Ulli Stein has made a forbidden wine for decades. The Mosel winemaker still makes the wine, but it’s now allowed by law. In fact, he’s the only person in Germany with the right to make it.
The wine in question is a so-called vin de paille, or straw wine, made in miniature quantities. This sweet wine has its origins in the Jura, the Alpine region of France, and gets its name from the straw mats that the grapes are dried upon for months after harvest and before a long fermentation (Stein said his takes 12 months). Germany has many sweet wines, of course, but the sweetest wine of all, the Trockenbeerenauslese, gets its sweetness from the distinctive botrytis rot.
The lanky, hirsute Stein told me yesterday that covertly made his vin de paille for decades and labeled it as a Trockenbeerenauslese, as you can see in the picture. But he wanted to make it legally and brought the issue to a German judge, who turned down his request based on the 1971 German wine law, which claimed that grapes in the vin de paille were not fresh enough. Stein appealed. The next court turned him down. Eventually he appealed to the European courts and won the right to make vin de paille from the 2007 vintage. He added the court granted him the exclusive right in Germany to make vin de paille.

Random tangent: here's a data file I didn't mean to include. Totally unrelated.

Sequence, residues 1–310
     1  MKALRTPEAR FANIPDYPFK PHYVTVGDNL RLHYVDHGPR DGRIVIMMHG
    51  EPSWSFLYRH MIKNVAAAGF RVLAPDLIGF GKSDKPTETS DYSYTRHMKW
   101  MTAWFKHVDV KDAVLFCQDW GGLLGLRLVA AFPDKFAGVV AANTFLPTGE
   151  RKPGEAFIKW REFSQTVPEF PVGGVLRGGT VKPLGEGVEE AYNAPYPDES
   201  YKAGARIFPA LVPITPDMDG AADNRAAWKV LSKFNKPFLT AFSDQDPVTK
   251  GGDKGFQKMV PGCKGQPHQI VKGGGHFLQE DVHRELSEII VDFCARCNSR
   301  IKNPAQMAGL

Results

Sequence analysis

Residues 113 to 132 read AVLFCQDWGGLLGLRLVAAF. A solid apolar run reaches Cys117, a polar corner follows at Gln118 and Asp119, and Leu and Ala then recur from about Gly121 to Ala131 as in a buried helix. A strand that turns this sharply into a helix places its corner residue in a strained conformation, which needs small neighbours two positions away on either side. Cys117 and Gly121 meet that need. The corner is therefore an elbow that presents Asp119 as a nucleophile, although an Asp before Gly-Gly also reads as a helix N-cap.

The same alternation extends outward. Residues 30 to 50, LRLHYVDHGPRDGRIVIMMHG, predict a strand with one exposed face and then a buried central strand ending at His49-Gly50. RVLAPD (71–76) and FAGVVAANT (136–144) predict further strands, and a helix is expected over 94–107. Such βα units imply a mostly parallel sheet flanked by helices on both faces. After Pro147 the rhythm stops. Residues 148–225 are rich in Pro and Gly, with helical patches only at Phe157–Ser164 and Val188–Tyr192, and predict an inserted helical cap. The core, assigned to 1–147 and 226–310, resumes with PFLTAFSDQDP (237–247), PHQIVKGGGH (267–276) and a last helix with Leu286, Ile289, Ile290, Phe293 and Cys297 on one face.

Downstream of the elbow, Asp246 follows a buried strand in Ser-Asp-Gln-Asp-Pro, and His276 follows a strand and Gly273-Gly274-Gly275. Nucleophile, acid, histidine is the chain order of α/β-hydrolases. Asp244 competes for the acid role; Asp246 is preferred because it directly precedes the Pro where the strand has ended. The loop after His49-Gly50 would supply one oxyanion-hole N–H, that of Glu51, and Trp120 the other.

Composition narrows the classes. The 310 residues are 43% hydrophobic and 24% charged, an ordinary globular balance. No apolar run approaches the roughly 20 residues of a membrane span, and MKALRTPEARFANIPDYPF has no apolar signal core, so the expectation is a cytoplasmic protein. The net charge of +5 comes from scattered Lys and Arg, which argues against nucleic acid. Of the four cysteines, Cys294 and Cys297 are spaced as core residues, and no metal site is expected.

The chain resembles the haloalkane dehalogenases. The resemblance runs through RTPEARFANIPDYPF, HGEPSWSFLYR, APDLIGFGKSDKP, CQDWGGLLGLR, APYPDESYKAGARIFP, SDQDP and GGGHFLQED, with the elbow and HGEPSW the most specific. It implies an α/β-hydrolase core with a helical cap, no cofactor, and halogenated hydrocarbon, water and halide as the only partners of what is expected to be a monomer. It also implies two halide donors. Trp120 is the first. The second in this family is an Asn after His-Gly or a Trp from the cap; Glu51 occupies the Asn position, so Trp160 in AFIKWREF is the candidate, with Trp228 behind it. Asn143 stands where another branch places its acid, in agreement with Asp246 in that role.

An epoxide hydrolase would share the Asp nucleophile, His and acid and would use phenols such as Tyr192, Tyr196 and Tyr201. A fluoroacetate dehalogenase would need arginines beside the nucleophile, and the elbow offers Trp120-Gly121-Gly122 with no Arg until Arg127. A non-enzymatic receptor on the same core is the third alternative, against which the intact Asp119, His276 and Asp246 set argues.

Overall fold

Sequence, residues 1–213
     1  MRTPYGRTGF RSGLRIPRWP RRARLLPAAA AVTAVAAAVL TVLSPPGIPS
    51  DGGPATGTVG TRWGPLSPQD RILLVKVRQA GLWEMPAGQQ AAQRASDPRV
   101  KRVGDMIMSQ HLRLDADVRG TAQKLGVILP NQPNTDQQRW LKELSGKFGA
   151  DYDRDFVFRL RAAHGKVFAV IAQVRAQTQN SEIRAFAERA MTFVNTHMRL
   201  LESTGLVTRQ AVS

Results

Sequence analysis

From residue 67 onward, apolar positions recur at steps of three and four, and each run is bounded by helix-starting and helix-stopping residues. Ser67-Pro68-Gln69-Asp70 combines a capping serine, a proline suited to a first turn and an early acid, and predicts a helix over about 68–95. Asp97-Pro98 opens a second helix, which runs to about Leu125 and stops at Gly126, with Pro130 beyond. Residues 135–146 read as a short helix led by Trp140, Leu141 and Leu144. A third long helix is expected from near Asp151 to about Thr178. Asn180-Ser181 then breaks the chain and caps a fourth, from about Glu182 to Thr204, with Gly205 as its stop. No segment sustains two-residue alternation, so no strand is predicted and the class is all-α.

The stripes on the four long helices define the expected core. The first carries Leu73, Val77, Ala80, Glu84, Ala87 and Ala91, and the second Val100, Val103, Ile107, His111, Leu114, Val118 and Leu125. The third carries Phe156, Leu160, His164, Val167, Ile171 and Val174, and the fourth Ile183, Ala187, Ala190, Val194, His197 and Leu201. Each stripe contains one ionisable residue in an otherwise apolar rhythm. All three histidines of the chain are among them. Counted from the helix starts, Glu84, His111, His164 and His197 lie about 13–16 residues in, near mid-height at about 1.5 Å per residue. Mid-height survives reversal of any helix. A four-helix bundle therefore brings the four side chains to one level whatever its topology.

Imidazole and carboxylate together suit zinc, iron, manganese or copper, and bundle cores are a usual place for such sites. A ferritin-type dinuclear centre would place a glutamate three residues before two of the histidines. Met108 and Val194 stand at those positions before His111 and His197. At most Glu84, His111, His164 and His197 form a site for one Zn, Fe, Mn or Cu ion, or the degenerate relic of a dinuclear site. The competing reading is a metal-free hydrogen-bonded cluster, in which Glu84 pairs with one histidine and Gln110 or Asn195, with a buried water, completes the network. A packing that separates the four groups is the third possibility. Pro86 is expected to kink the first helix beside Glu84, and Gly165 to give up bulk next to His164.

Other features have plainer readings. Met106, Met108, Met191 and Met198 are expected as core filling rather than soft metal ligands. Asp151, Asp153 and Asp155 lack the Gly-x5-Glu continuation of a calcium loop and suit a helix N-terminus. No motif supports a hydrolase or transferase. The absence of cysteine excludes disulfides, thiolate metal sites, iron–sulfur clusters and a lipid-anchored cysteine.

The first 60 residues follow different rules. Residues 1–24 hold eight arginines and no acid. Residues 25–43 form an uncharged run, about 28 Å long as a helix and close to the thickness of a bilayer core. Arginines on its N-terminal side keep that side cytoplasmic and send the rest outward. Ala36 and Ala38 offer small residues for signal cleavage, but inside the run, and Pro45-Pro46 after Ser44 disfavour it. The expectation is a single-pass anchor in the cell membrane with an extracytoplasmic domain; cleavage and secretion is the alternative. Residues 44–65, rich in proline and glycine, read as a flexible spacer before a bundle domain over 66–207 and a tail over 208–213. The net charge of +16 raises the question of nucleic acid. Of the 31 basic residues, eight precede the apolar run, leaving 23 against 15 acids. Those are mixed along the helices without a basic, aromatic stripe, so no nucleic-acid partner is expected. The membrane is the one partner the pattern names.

The 2003 that I tasted is a lovely, rich dessert wine. If I were a judge, I wouldn’t ban it.
As to the other Rieslings in his portfolio, they are all very good and interesting. But the standout for me was the Stein Bremmer Calmont Riesling Spatlese Trocken 2007. The delicate, slight sweetness (7.5 grams of residual sugar–all natural) embraces a vital core of acidity and minerality. Very nice.